I have a confession to make. I change my mind on political affairs quite often.
This isn't a confession that I am now going to endorse John McCain for president or anything so insane as that. It's just that when I get into a topic, I tend to immerse myself in that topic and form opinions before I've emerged from my immersion. It's very easy for me to read, as I had for the last few months, nothing but anarchist material with regards to politics, and more or less ignore alternative views in the meantime.
Really, for the last year I'd been considering myself essentially "converted" to anarchism, if that's an appropriate word for it. Many of my blog posts are written from an anarchist perspective. But as I think back over that time, I've always been an "anarchist but..." I am not sure I've ever been entirely anarchist in my thinking, as reflected by how I described my anarchism as a critique of authority rather than a political ideology. I've freely admitted that I think there is a place for representative democracy, even while posting screeds against representation. I've been of dual minds about many fundamental components of anarchism, and I've come in the last few weeks to realize that I was only on the edge of anarchism at all.
In essence, as the title of my blog implies, I've continued to be a revolutionary socialist -- a Marxist. I've certainly taken a great deal away from my foray into anarchist thought, and I still consider it to be a valid and useful critique of authority, as I said. But the more I think about it, the less I think that it (and by it I mean of course the myriad interrelated strands of thought that go by the word) is actually an effective means to the sort of world I want to live in.
Here's the thing: anarchism, even in its most socialist forms, is an individualist political philosophy. If we take (as the Left has traditionally done) liberty, equality, and solidarity as our core values, anarchism doesn't strike the balance that I do between them, because anarchism privileges liberty over the others. Certainly, many anarchists would dispute this, and I grant that the situation isn't nearly as dire as other leftists might try to imply. But the fact remains that anarchists are generally in favor of radical decentralization, of small communities (even if they're near each other in what is presently a city) being independent of one another and confederated horizontally on an ad hoc basis for, among other things, trade, distribution of raw materials, and defense.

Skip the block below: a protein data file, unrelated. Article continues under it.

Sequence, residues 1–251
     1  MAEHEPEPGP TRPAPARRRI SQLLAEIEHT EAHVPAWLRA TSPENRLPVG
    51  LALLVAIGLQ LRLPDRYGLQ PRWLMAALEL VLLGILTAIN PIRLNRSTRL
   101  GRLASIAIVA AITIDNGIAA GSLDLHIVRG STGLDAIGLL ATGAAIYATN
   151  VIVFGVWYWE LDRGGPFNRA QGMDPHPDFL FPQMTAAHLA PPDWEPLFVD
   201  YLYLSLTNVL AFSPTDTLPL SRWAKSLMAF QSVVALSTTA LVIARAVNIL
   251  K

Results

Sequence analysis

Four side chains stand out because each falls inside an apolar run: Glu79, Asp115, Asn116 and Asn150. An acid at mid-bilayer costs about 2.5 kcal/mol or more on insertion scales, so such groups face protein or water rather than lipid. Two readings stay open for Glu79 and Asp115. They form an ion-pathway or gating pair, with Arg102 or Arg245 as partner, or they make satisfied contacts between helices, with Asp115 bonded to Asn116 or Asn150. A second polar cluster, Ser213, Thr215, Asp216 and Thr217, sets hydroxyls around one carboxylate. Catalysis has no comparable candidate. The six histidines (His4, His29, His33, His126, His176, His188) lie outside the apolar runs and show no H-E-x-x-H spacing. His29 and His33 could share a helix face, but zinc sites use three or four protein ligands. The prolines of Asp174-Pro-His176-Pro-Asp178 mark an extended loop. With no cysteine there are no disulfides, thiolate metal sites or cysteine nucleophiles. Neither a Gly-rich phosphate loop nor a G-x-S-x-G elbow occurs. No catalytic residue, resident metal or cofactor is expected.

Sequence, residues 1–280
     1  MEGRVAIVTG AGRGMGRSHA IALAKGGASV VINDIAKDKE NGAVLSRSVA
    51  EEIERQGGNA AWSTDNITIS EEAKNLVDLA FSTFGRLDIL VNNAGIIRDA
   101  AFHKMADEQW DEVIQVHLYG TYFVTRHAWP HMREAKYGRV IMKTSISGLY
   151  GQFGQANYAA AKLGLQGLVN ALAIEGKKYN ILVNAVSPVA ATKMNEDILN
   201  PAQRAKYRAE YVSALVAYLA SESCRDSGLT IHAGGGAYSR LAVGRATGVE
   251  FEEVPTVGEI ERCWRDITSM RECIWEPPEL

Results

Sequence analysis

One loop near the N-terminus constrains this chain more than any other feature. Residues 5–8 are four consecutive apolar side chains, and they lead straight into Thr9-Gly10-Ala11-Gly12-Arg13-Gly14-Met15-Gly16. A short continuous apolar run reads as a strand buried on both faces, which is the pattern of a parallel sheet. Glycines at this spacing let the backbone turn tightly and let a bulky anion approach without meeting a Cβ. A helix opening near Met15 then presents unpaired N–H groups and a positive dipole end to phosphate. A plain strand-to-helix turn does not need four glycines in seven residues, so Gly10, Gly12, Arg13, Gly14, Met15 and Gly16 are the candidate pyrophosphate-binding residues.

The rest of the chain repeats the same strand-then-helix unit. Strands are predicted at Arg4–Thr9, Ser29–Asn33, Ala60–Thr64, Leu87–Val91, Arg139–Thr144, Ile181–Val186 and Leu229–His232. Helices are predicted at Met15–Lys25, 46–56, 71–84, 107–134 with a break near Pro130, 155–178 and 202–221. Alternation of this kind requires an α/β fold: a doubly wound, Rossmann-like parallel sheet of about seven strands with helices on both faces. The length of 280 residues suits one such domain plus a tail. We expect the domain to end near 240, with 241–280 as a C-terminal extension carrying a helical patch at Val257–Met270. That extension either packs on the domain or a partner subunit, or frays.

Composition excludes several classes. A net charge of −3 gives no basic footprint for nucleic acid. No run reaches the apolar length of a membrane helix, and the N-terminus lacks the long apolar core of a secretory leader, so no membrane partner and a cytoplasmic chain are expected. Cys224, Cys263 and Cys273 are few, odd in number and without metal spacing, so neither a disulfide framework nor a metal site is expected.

This doesn't sound so bad. The problem for me is in the anarchist conception of humanity's future. They see these small communities as being, for lack of a better word, sovereign. Autonomous. If a community doesn't want to be a part of a given project undertaken by the confederation as a whole, it is generally allowed to not do so, or even to dissociate from the confederation. And this applies not only to specific communities, but even to individuals within the community. Many, if not most, anarchist groups even favor consensus decision-making -- a laudable goal, but one that gives a single individual veto power over the wishes of as many members as make up the group by that individual simply refusing to consent. But even without such a decision-making process, anarchism allows individuals to just plain opt-out of whatever the disagree with. Individuals must always win over groups, because as soon as they don't, "authority" is introduced and the system is no longer anarchist.